Everyone, including children, are watching as the world reacts to the death of George Floyd.
The May 25 incident, captured on video, prompted widespread protests across the United States and in other countries.
The case was ruled a homicide by medical examiners, and Derek Chauvin, the white officer was charged with second-degree murder.
Eight-year-old Nia Madison was furious about the killing of Floyd and "many others," adding, "aren't the police supposed to protect us?"
Sadness was expressed by many including 11-year-old Dexter Walker Smith: "Can't believe that people would treat another person that way just because they're a different color. It's just police officers abusing power."
And 6-year-old Rhys Wagar said: "They choked him and he asked for help and they didn't let go."
Fishers, Indiana teen, Peyton Daniels said: "Watching all 8 minutes and 46 seconds of that video was just, for all 8 minutes and 46 seconds was just rage, for me."
Children are using their voices and gifts to protest. Nine-year-old Canadian resident Inès Schlag plans to make a difference by using her voice to educate and protect and had a special message for the black community: "I know that you're sad and hurt. Know that you are not alone, I stand with you."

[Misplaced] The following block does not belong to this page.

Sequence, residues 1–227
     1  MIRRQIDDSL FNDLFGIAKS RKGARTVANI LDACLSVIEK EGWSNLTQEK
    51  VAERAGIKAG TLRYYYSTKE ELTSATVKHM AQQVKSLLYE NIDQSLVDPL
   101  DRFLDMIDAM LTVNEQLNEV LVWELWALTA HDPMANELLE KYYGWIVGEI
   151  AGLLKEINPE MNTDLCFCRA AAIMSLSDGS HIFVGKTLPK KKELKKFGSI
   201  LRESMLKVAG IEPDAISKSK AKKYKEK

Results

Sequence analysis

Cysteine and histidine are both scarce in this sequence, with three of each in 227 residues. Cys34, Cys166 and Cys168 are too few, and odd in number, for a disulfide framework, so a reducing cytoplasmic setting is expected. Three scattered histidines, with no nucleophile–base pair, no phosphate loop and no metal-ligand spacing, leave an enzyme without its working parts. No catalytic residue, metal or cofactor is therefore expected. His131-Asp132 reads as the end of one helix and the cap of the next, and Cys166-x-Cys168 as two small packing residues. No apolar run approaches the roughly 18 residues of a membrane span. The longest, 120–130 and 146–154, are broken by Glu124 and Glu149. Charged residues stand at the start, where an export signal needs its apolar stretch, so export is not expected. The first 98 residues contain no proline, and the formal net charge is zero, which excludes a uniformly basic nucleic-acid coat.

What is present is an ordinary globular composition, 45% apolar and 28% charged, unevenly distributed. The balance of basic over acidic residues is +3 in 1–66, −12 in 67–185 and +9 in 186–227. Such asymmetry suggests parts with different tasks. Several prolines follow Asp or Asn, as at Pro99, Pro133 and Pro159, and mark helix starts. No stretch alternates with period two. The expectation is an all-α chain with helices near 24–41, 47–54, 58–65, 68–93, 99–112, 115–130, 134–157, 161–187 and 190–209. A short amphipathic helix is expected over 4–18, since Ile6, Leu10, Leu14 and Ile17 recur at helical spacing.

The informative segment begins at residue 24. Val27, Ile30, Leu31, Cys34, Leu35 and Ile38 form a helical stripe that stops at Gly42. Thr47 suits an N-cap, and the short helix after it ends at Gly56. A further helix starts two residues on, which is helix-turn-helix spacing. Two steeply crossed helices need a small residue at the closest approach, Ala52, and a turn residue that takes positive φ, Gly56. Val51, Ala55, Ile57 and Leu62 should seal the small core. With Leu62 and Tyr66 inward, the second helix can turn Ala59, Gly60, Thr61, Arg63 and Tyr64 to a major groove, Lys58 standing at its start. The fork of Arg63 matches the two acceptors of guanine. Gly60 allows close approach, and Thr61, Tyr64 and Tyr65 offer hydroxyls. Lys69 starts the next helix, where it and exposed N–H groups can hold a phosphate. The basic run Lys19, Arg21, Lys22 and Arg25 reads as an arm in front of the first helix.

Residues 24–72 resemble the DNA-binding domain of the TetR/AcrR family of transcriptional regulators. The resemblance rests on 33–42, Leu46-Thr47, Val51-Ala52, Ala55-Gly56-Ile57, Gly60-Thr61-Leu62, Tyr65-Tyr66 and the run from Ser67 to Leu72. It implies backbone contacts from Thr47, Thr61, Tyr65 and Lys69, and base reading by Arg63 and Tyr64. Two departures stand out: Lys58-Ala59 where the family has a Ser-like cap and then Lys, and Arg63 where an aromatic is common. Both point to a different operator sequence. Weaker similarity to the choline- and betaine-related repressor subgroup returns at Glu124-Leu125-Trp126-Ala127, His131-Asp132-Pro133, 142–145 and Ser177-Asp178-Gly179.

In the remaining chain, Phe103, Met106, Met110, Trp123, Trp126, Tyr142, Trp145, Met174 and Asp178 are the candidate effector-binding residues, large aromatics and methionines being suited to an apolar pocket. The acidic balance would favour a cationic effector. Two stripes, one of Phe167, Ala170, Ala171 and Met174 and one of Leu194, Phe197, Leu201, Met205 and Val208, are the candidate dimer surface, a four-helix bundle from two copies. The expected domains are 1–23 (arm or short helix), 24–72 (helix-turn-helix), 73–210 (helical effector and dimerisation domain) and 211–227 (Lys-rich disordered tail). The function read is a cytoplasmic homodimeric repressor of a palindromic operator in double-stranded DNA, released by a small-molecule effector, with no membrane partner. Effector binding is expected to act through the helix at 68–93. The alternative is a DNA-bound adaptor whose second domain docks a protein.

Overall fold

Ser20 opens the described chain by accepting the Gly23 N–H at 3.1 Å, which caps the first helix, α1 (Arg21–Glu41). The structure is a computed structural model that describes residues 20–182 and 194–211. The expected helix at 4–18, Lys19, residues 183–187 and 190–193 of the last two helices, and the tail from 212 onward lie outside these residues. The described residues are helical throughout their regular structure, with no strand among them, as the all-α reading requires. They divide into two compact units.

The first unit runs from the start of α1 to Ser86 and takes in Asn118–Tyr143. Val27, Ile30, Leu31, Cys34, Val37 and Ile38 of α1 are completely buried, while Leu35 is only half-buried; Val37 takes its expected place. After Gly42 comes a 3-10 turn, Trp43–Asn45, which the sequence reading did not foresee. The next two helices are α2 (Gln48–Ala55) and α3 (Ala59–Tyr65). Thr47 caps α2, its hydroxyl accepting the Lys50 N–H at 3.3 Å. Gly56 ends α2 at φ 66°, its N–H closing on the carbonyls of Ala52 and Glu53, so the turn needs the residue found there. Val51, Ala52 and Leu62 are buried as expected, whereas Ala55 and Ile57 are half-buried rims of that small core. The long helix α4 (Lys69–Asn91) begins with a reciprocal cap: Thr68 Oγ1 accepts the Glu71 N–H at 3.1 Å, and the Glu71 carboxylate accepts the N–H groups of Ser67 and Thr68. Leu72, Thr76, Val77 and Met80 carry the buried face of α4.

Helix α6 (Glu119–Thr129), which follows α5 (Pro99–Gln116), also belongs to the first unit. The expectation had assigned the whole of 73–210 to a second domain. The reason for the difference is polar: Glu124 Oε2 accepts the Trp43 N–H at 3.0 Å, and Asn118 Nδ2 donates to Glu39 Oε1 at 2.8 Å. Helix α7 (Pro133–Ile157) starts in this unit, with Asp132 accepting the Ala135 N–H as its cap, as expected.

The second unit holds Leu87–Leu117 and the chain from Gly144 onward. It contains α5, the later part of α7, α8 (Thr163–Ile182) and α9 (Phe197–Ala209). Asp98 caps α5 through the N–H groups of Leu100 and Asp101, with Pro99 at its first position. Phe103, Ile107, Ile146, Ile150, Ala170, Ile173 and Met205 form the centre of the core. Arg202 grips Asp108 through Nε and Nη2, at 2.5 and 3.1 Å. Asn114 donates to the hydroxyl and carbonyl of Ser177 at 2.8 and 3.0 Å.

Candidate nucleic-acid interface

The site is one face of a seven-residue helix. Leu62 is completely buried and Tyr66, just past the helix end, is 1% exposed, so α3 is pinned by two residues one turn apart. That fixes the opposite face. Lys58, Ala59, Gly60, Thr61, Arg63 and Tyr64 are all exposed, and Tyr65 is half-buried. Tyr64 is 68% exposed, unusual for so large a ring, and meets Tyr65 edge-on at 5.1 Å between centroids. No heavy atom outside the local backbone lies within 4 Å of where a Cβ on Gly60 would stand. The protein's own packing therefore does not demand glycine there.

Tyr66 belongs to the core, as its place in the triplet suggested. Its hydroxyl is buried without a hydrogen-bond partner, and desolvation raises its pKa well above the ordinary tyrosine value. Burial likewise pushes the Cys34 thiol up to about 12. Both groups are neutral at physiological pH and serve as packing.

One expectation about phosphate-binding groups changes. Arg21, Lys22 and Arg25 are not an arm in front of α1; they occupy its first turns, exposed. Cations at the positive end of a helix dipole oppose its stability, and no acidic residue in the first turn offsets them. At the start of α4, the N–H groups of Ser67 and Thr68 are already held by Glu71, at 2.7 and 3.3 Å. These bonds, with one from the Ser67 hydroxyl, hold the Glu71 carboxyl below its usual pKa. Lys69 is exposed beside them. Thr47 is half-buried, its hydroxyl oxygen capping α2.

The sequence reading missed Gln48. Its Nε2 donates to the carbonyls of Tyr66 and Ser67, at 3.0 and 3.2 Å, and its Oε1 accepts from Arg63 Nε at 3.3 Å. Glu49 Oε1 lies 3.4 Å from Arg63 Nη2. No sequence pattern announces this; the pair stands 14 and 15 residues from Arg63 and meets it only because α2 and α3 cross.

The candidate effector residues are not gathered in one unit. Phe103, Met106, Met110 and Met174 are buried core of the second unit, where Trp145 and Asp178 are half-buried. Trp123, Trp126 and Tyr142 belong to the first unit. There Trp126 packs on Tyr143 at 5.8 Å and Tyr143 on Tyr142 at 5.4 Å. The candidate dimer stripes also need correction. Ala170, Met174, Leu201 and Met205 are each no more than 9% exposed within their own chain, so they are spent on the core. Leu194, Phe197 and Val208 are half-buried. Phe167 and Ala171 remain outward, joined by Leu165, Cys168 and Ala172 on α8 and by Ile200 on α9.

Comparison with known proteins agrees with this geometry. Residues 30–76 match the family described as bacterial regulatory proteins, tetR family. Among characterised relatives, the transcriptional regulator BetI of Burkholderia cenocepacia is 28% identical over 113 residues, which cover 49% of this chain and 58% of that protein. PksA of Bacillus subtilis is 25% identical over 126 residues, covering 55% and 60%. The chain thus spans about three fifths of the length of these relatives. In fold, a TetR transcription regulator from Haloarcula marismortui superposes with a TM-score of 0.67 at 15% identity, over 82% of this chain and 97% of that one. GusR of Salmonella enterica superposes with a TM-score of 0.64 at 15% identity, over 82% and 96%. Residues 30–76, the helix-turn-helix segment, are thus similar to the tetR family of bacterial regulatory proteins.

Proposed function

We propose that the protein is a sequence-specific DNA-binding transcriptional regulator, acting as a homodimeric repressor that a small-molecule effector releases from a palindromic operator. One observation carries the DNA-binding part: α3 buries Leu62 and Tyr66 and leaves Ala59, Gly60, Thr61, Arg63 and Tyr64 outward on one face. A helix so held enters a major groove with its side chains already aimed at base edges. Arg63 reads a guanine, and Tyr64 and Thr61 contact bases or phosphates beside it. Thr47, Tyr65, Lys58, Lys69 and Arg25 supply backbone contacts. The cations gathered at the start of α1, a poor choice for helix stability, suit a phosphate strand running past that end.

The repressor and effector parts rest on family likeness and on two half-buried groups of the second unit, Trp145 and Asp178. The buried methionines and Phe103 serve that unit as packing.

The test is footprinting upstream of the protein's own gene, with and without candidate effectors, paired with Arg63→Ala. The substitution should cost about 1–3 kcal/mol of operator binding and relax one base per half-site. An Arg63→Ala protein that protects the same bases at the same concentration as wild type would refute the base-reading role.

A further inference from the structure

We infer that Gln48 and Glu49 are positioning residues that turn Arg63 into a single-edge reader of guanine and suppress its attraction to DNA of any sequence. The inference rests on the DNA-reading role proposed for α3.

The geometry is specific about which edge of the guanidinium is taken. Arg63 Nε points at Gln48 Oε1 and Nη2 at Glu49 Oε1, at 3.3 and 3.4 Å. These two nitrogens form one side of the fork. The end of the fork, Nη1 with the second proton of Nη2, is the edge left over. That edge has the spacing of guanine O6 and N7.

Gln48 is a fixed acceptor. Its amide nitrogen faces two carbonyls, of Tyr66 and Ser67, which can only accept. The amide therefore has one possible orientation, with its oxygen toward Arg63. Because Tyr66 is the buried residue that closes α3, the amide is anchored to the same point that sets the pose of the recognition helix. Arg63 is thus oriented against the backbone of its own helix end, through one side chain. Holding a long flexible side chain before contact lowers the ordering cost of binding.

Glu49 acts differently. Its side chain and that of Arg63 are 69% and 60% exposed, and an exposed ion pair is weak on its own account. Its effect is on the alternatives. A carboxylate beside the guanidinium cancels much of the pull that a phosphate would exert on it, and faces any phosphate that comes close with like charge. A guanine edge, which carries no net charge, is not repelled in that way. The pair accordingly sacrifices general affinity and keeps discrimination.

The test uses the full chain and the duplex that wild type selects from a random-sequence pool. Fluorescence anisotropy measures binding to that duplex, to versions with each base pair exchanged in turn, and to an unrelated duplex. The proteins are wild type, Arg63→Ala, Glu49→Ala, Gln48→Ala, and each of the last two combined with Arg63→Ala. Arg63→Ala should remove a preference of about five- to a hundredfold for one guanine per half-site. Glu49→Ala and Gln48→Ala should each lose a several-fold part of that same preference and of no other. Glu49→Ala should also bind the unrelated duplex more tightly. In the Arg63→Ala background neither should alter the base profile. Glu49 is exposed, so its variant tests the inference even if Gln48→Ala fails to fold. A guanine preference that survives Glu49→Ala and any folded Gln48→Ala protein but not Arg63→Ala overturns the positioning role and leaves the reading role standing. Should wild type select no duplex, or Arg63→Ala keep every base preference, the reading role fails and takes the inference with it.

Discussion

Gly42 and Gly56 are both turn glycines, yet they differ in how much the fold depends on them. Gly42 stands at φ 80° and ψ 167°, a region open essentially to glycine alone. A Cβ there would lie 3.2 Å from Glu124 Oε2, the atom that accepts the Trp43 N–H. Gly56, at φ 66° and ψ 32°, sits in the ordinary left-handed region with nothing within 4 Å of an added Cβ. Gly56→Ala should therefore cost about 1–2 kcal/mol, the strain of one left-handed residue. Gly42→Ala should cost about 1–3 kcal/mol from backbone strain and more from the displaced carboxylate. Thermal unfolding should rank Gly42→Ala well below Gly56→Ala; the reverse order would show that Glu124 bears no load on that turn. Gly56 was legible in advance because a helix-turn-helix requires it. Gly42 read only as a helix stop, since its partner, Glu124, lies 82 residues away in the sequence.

Brooklyn teen Lucas Ritchie-Shatz and his friends are using social media to raise money for protesters.
"I created an Instagram account along with some of my other friends who are artists called Artists for George Floyd. And we're selling art commissions and individual pieces in support of the protests, in support of bail funds, legal funds, mutual aid funds."
Jersey City, New Jersey 10-year-old William Fuller-Rhatigan has been making his voice heard by foot and pen.
"I am protesting. I wrote an editorial about what happened to George Floyd and how we can all get together."
In all, most children were hopeful regarding the future for racial equality.
Caroline O., 8, from Texas said she hopes that "all people of different races can come together."
(Production: Alicia Powell)